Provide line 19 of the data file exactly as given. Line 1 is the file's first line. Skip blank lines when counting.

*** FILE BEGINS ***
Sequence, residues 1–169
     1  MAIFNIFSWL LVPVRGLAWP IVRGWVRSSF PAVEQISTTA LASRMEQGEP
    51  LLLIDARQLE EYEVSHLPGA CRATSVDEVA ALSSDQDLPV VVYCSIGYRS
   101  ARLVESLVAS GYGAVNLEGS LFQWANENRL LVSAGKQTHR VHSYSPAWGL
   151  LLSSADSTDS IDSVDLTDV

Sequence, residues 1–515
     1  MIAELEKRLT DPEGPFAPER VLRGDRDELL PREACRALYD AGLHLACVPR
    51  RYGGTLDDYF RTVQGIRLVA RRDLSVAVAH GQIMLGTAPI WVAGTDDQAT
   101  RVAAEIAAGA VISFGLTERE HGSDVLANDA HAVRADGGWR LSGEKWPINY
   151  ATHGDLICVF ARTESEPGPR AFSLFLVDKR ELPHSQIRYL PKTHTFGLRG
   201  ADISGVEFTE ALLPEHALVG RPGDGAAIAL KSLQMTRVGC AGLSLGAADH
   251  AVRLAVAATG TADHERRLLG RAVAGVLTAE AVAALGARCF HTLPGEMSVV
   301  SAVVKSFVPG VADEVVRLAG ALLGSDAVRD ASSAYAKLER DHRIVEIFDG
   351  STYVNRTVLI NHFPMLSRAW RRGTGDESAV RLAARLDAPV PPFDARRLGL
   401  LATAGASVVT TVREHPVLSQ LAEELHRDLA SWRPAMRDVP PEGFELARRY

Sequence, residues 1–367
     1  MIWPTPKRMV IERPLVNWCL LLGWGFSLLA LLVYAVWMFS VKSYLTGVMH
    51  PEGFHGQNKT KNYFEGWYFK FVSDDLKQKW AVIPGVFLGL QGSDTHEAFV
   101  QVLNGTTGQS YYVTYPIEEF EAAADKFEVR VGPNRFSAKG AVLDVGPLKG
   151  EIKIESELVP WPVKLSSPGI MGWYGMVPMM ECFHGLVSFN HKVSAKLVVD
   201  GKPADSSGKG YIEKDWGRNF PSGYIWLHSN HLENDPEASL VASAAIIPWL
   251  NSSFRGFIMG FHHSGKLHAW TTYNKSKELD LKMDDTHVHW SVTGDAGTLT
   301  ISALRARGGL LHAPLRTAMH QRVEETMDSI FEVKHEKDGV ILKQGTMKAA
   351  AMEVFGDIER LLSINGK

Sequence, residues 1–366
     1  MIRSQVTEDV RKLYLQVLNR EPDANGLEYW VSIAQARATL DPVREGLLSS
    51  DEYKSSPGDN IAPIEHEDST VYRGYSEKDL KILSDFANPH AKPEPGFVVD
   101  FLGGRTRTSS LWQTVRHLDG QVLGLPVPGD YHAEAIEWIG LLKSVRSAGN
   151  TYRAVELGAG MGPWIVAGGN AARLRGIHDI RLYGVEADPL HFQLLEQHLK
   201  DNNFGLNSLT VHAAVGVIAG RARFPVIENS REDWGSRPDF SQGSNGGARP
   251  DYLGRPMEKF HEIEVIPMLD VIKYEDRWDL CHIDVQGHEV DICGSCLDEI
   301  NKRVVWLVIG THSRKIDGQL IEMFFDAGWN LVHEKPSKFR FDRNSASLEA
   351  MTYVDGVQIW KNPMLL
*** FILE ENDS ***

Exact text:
   101  QVLNGTTGQS YYVTYPIEEF EAAADKFEVR VGPNRFSAKG AVLDVGPLKG